When a police officer pulls you over or stops you on the street or shows up at your home as part of an investigation, you might understandably worry that they will invade your privacy and search through your property. This can make you feel powerless and abused, especially if an unlawful search turns up evidence against you.
Unlawful searches are one of the most common types of rights violations in criminal cases. Though you might feel helpless to defend yourself against the actions of law enforcement, you can protect yourself by knowing your rights and the actions you can take. The best way to do that is to talk to a skilled criminal defense lawyer as soon as possible.
Know when a police search is illegal
Police do not automatically have a right to search your property. There must be a valid, provable reason to suspect that a crime has been committed or may be committed. Even if an officer obtains a search warrant, it must be specific and limited in scope. That means the police must stick to the specific matters described in the search warrant unless there is a valid reason to expand the search.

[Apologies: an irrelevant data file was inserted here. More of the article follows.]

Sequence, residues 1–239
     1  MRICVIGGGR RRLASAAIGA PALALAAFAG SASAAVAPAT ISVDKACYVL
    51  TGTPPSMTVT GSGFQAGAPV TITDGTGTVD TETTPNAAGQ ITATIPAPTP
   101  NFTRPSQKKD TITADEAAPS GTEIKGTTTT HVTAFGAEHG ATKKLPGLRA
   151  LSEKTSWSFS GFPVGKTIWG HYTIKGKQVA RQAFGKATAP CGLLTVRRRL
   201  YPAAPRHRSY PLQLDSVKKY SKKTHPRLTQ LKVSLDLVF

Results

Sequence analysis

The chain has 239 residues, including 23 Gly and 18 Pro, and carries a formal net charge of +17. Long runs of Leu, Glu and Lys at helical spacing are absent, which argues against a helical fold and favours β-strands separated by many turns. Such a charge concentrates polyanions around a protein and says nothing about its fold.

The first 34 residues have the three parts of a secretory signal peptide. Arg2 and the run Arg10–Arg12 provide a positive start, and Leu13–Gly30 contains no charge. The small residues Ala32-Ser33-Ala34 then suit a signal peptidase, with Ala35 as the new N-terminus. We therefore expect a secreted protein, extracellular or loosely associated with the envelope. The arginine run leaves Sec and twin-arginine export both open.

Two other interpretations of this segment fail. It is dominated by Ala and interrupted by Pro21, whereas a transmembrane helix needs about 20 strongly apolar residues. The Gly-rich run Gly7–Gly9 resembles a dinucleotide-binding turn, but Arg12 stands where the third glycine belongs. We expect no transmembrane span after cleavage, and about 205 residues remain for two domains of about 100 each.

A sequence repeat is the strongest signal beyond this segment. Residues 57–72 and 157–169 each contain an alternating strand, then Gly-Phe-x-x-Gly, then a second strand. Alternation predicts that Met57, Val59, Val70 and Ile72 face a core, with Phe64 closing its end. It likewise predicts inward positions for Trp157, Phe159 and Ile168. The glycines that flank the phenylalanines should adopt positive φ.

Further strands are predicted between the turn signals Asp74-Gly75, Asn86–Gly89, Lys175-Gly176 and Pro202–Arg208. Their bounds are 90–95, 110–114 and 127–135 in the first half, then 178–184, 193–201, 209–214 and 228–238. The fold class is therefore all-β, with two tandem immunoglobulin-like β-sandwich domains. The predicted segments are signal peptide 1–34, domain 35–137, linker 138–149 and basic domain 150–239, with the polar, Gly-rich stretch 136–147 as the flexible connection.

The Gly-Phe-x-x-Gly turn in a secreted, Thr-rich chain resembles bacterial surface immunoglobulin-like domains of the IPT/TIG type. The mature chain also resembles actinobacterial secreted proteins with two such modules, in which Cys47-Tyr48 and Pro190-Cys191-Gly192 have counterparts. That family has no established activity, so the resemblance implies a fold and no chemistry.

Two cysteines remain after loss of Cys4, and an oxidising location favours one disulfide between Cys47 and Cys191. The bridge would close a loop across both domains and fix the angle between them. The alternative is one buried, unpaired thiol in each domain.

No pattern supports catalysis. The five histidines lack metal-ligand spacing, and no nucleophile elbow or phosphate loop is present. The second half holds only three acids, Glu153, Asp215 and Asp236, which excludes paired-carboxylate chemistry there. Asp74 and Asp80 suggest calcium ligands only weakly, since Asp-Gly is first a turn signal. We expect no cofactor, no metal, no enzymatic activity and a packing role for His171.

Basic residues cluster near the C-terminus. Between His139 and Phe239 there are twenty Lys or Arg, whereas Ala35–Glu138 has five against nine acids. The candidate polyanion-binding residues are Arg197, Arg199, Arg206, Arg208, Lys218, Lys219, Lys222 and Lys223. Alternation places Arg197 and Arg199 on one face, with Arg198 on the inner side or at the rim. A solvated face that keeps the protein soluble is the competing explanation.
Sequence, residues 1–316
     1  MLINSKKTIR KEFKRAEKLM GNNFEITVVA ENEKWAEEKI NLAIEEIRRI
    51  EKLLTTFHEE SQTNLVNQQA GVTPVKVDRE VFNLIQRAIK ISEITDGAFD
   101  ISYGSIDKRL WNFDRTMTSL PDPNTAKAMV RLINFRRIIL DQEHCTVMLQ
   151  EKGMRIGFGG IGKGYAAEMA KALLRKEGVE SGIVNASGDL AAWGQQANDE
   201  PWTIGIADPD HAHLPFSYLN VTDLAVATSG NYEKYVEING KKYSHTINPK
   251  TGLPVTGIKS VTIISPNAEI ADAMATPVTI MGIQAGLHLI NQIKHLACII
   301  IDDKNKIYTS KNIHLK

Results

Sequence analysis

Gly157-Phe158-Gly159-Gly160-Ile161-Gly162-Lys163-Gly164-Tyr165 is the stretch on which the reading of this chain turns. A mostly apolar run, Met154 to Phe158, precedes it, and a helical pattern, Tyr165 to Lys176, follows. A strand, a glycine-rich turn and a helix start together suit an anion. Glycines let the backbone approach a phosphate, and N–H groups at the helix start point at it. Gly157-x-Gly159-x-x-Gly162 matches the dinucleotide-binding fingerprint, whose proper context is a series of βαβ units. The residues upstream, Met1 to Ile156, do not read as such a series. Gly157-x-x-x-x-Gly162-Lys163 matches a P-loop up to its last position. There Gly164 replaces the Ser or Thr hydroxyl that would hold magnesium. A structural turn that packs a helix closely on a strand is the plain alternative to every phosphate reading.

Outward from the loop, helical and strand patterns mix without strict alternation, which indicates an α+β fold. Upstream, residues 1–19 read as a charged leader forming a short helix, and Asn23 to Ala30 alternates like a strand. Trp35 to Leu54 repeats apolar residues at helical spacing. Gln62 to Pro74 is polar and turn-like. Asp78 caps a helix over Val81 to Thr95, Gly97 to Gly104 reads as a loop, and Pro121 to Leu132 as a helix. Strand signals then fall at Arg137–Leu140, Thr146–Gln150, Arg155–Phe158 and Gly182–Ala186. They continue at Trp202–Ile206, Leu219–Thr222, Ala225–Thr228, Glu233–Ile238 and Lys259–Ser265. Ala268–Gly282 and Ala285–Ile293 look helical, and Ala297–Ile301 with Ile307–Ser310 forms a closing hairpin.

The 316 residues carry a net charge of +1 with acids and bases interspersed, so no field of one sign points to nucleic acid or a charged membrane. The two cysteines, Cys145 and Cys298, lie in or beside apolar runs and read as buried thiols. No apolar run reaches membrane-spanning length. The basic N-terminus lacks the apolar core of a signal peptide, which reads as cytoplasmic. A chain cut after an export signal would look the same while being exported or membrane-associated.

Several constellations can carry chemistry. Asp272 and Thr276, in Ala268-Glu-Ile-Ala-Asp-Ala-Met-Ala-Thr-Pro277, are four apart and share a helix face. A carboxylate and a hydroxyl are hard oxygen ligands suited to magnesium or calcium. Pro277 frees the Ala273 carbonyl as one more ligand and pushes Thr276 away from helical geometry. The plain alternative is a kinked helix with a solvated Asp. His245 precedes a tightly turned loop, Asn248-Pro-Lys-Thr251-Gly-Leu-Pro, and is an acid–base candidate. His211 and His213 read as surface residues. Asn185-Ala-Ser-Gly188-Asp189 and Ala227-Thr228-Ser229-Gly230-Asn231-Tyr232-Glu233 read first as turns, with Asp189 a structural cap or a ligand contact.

Know your rights against illegal search and seizure
The exclusionary rule is an interpretation of the Fourth Amendment that renders evidence obtained through illegal search and seizure invalid in court. The court can suppress this evidence from the record, possibly resulting in dismissed or reduced charges. However, getting charges reduced or dismissed does not happen automatically. You need an experienced criminal defense lawyer on your side to show the court that your rights were violated. See our Louisiana criminal defense overview to learn more.